The Al-Wakrah Stadium, designed by architect Zaha Hadid, as seen in February during construction in advance of the 2022 soccer World Cup outside the Qatari capital. PHOTO: KARIM JAAFAR/AGENCE FRANCE-PRESS

For the Saudis, enmeshed in their own regional effort to contain Iran, this shift by Qatar represents “an own goal,” said Nader Kabbani, director of research at the Brookings Doha Center. “These trade links sooner rather than later will become stable and normal, and this may affect the geopolitics of the region in the future.”

The U.S.—which maintains a critical military facility in Qatar and is wary of growing Iranian influence in the Gulf—has been trying to mediate this increasingly inconvenient dispute between its allies. President Donald Trump spoke to Qatar’s emir and the crown princes (and de facto rulers) of Saudi Arabia and the U.A.E. in late February. All three Gulf leaders are slated to visit him in Washington in coming weeks.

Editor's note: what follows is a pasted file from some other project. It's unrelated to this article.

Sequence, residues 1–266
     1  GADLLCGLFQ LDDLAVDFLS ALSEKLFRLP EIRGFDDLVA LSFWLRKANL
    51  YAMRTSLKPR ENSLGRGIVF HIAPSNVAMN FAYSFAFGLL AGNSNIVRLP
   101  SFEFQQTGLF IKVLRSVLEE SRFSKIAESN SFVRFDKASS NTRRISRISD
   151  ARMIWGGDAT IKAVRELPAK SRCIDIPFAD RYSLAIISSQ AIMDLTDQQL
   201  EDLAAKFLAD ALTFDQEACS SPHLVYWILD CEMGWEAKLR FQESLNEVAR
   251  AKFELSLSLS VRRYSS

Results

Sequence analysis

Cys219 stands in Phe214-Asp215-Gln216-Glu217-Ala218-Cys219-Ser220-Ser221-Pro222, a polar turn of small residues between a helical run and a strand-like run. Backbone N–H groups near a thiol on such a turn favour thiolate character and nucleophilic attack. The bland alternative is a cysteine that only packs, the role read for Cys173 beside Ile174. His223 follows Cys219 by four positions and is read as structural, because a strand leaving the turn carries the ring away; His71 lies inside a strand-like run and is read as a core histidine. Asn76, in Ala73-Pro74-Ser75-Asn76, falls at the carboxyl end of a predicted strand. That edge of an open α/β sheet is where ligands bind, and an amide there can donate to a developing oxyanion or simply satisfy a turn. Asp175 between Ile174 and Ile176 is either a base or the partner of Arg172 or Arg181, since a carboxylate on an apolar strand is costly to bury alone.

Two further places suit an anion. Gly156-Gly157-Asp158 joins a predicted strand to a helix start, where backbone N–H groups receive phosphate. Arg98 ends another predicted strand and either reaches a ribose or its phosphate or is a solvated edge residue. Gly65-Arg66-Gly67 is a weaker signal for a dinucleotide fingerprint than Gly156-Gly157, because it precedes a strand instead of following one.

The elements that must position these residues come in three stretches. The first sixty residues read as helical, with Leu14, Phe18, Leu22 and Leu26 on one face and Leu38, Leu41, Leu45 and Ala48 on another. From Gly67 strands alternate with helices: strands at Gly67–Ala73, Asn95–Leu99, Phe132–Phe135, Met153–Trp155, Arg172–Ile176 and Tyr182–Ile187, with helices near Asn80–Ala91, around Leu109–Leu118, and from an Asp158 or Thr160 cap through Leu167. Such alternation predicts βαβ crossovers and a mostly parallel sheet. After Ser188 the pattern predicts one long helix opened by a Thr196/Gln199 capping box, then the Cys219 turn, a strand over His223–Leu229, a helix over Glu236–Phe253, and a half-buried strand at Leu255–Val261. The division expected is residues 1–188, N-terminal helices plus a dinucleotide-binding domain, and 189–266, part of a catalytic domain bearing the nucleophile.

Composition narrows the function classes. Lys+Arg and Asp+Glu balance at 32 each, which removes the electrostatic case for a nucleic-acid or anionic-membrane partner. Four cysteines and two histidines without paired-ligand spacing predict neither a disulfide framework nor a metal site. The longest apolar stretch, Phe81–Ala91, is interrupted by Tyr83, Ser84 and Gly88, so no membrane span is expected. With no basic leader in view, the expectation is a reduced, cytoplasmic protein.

So far, these efforts—as well as mediation by Kuwait and entreaties by European governments to all sides—have proved largely fruitless.

“Right now we have not seen any sign from the blockading countries that they are willing to meet us at the same table to discuss our differences,” Qatar’s Sheikh Saif said.

Indeed, Saudi-led foes of Qatar—whose governments have wheeled out potential pretenders to the Qatari throne in an effort to put pressure on Doha and possibly spark regime change—seem in no mood to compromise.

“It’s not like we think much about Qatar. This can go on for another seven years if need be,” said a senior Saudi official. He also quipped that Qataris—who follow the same Wahhabi school of Islam as Saudi Arabia, albeit in a much more liberal interpretation—are “basically Saudis.”

Key objections that Saudi Arabia, the U.A.E. and their ally Egypt have about Qatar include the emirate’s friendly relationship with the Muslim Brotherhood and coverage by Qatar’s Al Jazeera pan-Arab network that is critical of regional countries.